The second rest day arrives just in time for “gorilla” Andre Greipel to recharge following his third win du jour of the Tour in stage 15, while Peter Sagan is forced to rest with that same old number after the historically dangerous descent of the Col de Manse takes him to the line of stage 16 in– you got it– second. That’s now five #2 finishes for the points-leading “green machine.”
Then come the Alps, along with further losses to the overall field. As American Tejay Van Garderen had been sitting in third place overall, on stage 17 he meets an illness-induced end before reaching this Tour’s highest elevation point on the Col d’Allos. Meanwhile, other-American Andrew Talansky (of only three in this Tour) notably finishes the day in second with a GC 12th place. A French 1-2 closes stage 18 in Saint-Jean-de-Maurine, as Romain Bardet takes his first-ever Tour de France stage win, with Pierre Roland shortly behind. The GC standings and Froome’s longstanding 3:10 lead still don’t change, that is until the following day. Defending champ Vincenzo Nibali, nearly written off in the first week, proves he’s back by attacking on the Col de la Croix-de-Fer, winning stage 19, and moving himself up to fourth place overall, while second place Nairo Quintana pulls ahead to narrow the gap on le maillot jaune by 32 seconds.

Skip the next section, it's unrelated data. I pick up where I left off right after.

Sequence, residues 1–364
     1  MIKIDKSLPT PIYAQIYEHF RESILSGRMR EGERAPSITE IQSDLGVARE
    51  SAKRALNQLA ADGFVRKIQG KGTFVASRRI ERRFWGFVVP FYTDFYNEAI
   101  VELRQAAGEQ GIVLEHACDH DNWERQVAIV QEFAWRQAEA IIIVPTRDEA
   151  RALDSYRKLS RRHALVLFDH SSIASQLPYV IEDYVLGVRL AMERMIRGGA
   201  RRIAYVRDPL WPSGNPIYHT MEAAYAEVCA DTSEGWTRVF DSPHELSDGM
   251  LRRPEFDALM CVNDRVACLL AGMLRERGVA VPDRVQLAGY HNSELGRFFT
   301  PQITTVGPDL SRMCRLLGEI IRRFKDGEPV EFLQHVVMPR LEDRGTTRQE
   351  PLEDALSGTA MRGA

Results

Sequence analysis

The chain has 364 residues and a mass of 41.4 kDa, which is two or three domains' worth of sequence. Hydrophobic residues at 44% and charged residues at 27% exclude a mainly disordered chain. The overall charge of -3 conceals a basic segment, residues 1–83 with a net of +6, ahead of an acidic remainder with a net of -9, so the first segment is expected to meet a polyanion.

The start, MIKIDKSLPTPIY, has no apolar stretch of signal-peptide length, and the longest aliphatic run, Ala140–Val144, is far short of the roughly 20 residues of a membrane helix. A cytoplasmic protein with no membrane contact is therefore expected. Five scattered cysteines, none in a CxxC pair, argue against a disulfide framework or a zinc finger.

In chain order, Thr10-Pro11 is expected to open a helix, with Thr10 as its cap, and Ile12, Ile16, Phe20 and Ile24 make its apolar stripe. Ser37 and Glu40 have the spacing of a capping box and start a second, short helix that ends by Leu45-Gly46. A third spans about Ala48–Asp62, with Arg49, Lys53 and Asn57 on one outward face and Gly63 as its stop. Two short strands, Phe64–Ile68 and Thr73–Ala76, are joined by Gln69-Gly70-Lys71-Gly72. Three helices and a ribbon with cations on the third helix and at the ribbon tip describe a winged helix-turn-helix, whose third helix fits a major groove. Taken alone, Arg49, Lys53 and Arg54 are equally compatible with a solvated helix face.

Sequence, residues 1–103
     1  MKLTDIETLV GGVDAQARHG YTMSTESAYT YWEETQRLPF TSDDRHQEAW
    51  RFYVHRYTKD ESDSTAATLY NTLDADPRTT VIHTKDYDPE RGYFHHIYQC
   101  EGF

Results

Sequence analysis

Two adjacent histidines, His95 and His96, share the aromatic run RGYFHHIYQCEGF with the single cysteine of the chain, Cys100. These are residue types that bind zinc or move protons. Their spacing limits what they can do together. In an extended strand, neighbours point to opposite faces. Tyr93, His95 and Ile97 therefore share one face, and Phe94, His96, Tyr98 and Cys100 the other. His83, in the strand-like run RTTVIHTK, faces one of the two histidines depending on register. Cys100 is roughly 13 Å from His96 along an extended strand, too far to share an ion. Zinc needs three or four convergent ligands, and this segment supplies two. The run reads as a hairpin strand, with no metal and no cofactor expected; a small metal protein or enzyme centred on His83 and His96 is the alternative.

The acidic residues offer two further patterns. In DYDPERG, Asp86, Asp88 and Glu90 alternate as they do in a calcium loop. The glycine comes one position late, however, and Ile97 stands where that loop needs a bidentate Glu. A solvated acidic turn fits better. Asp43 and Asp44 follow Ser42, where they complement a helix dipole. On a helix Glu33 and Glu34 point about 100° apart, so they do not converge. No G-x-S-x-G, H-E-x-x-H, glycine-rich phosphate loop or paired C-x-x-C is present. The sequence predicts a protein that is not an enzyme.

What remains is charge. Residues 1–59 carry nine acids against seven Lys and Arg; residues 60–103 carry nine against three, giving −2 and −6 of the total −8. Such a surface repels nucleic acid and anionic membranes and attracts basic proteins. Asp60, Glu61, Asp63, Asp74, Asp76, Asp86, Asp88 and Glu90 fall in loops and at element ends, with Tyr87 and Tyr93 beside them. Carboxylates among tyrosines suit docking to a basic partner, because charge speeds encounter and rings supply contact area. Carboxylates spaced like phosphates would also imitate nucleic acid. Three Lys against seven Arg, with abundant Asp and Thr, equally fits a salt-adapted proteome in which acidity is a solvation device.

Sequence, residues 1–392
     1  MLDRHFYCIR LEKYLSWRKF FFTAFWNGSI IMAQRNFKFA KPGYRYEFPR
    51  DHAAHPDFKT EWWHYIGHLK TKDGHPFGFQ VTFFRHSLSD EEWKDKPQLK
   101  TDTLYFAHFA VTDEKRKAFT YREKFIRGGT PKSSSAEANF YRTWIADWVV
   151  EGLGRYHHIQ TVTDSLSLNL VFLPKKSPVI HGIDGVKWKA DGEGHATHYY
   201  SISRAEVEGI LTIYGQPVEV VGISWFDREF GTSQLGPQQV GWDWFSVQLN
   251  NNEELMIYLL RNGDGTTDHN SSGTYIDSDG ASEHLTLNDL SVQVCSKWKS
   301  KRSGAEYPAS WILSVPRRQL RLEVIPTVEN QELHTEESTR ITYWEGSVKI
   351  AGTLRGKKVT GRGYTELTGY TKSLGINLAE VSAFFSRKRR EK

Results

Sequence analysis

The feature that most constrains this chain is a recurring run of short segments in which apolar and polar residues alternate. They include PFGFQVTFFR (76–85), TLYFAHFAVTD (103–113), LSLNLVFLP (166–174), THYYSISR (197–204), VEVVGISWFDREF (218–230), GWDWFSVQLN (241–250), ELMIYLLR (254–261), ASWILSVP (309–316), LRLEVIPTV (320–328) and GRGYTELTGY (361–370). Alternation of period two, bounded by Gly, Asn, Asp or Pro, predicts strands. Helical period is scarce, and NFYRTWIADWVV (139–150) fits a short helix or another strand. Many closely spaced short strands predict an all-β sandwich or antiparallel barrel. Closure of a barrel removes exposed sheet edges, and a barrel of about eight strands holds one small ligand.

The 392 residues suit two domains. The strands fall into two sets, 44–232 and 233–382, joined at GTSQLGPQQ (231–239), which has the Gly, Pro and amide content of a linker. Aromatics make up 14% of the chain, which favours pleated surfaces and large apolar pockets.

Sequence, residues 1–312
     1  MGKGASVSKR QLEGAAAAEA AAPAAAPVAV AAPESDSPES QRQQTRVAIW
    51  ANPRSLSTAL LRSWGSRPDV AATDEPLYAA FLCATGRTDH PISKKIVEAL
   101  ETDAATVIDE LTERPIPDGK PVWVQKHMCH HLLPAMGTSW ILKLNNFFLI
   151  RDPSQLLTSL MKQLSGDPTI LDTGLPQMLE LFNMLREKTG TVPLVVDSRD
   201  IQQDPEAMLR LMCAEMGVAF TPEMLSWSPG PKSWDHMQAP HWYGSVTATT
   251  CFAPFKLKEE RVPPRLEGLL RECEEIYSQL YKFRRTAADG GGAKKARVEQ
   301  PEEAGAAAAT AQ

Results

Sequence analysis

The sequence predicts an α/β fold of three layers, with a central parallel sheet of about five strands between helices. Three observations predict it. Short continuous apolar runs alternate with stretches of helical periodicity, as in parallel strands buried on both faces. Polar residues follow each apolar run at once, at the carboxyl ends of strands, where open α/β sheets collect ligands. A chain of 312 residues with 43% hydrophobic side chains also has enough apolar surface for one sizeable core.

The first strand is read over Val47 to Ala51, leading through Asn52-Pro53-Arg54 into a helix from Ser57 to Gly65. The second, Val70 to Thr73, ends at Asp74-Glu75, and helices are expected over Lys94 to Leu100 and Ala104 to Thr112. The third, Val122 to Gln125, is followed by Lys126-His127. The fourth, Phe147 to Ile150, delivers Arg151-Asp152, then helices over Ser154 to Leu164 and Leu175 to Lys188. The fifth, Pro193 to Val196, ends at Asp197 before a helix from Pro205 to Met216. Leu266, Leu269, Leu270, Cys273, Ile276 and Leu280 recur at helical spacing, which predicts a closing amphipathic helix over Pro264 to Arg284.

This feeds into the penultimate finish atop Alpe d’Huez, at the end of a final climb long predicted to shake up the Tour even further. A great day it proves for the French, as Thibaut Pinot ascends to a remarkable stage 20 victory, holding off the young Colombian in white who crosses the line in second while erasing another big chunk off that GC gap. As such, to keep it interesting if not exactly shaken up, Chris Froome begins the Tour’s last day with a lead of 1:12, down from 2:38, down from 3:10, certainly a humbled presumed winner.
As always, it all comes down to Paris. The champagne soon again shall flow!